It's possible that the other doctors had different reasons for not wanting to help me. I told you the answer they gave me, though.
Ultimately, it comes down to the fact that they don't trust me to not change my mind. My mother was not asked for a letter. She provided one of her own free will, because she felt like they didn't understand how long I've been child-free (the answer is as long as I could talk.)
And I've asked around. Most women who want to be sterilized have to jump through hoops like this if they are young and child-less. Hell, my Mother-in-law got sterilized in 1990, and they didn't want to do it because she was under 30, even though she had three children. Every doctor I've spoken to about getting my tubes tied before now has pulled that "Wait five years. You'll change your mind!" crap. The problem? After three years I've moved, I have a new doctor, and they want to make me start over again.
Fine. I'll tell you the big factor that makes them unwilling to trust my judgement: The other medication that combines badly with birth-control for me? Zoloft. I'm bi-polar. But I've not been found incompetent, and my psychiatrist (and every psychiatrist who has seen me for the past ten years) believes me when I say that I don't want children, and I won't change my mind. She even made me see two new psychiatrists.
My Gyno's freely admitted to me that she doesn't understand mental-illness, and certainly feels unqualified to treat it. But she's not willing to listen to the people who are.
My husband's argument: If you don't think she's mentally competent to decide she *doesn't* want a baby, why do you think she's mentally competent to take care of one if she has it?
But that falls on deaf ears.
So now that you know way more about my life than I ever intended to share, can you stop judging how my husband and I've seen fit to conduct our marriage? Now you can go on to dismiss everything I say from this day forth because I'm a nutter-butter.
He has no problem providing financial assistance. He's already an uncle and he kind of wants to know anyone who shares his DNA. He just doesn't want the kid to live in his house with him. He doesn't want to make the important decisions--that much responsibility frightens the hell out of him. He wants the kid to know that if he/she wants to run away, he's not an option.
I don't think you're a nutter butter, and I don't think that your (treated) mental illness has any bearing on your decision - especially if two psychiatrists also vouch for that. Your husband also makes a valid point.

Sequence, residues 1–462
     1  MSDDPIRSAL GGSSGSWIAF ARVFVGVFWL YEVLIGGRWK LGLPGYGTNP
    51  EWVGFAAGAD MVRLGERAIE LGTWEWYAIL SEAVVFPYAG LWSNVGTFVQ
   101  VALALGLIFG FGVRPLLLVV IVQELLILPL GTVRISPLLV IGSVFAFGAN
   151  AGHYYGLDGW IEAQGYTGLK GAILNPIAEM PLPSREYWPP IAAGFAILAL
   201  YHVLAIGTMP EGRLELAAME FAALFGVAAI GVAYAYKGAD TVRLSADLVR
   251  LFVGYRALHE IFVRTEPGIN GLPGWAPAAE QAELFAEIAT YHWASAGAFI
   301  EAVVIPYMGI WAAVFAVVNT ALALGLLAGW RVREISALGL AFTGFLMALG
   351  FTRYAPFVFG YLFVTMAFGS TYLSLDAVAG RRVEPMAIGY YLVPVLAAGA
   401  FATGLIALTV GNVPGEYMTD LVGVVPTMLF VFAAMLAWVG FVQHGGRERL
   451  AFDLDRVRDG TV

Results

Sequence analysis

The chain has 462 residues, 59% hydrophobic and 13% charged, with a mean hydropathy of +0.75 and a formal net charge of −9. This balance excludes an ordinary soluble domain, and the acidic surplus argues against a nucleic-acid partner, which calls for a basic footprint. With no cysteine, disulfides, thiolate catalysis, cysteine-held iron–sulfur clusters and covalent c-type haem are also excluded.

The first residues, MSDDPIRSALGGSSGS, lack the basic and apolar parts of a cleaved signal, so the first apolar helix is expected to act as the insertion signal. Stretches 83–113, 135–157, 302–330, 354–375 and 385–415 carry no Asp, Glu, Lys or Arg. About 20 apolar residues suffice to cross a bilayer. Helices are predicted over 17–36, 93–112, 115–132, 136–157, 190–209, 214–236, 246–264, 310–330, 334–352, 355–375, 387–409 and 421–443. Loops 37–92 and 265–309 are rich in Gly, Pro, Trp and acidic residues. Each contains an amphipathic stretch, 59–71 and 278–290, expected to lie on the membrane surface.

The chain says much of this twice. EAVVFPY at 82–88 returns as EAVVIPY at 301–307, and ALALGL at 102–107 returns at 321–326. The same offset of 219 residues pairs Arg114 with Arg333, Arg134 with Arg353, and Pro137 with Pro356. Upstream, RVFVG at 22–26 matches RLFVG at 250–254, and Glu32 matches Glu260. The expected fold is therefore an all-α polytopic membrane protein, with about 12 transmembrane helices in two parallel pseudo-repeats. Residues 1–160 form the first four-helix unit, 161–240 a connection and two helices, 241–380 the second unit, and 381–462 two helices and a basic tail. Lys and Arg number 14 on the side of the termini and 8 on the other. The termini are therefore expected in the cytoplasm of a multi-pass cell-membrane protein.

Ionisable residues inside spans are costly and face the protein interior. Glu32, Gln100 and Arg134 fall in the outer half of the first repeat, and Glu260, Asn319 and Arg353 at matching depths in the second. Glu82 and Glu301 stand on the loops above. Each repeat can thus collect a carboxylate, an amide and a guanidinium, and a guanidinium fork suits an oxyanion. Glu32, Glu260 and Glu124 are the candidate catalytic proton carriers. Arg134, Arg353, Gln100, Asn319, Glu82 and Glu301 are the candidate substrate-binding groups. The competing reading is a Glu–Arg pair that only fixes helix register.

Have you considered an nonhormonal IUD?
I didn't mean to suggest that you were a nutcase; I was commenting on what seemed to me to be a high amount of drama. Leaving aside your husband's decision to be a sperm donor and how it was arrived at, there seem to be two different things going on with the partial hysterectomy.
The first is that you have described a health condition which is affecting every part of your life: you are in pain, medicine isn't adequately addressing your pain, there are serious, deleterious side effects associated with the medication you've been prescribed, you bleed constantly.
The solution that doctors agree would help your condition the most would, as a collateral effect, render you infertile.
The second is that you have repeatedly expressed a desire, apparently independently of the specific health issue, to be sterilized, knowing that you don't want to be a mother.
It would seem that these two situations have a felicitous convergence. Furthermore, you have been given approval for the surgery from your insurance company, which sees the partial hysterectomy as the best medical/surgical solution to your primary problem.
Your mental illness, treated or untreated, should have no bearing on the decision to have the procedure. I can understand a doctor being reluctant to do something as permanent as a hysterectomy purely for reasons of controlling fertility on someone who is young and has had not children, and I don't think it would be unreasonable to ask the woman requesting it as a form of birth control to wait for a while before committing to it.
But that's not the primary reason you want the surgery. This is the best treatment available for your medical problem, and the biggest objection to it is a non-issue as far as you're concerned (even a side-benefit).
I think you need to approach your doctor and the other two again, and take discussions of how long you've known you didn't want to be a mommy off the table, along with discussions of your mental health. If your bi-polar disorder is under control, you are mentally healthy. Enough so as to make informed decisions about your medical care. Keep the discussion focused clearly on how to best treat your painful and debilitating condition, make it clear that you understand and accept the consequences of the best treatment (a partial hysterectomy), and talk about scheduling the procedure. Refuse to turn the conversation into being about what it's not.
But I appreciate the help.
Haha, blonde moment. I guess my point being, if you did, in theory want to have kids some day (and I believe you when you say you won't!) you could just use a surrogate, no? The surgery doesn't prevent you from having children (there's adoption!) and it doesn't even prevent you from having biological children, if I'm understanding correctly...
Just seems strange to me.
Anyway, best of luck.
Boy, can I ever relate to you!! Knowing I would have been a SHITTY mom (think Kathleen Turner in The War of the Roses), I focused on being a kick-ass aunt instead. Ironically, my oldest sister, now a grandmother, keeps asking me parental advice----25 years after rightfully chewing me out about how she was raising my niece and nephew when they were little. I vaguely remember saying something smugly sarcastic, so I most likely deserved her tongue-lashing.
I had to concede her point, having no kids of my own then or now. Because of this, I'll never give advice on parenting or marriage, either. I'm better off single.
Back in my stupid housewife days of being unhappily married, I had to battle my butt off in defending my choice not to have children to my spouse, his family, his friends "who all had kids", his chaplain, his employer, etc., etc. ad nauseum, with the only exceptions being MY parents and closest friends who were supportive of my decision.
Hang in there! I plan to throw a WILDLY INSANE party when I reach menopause!!
I'm gonna cool off my forecasted hot flashes with tee martoonis!!
All the best,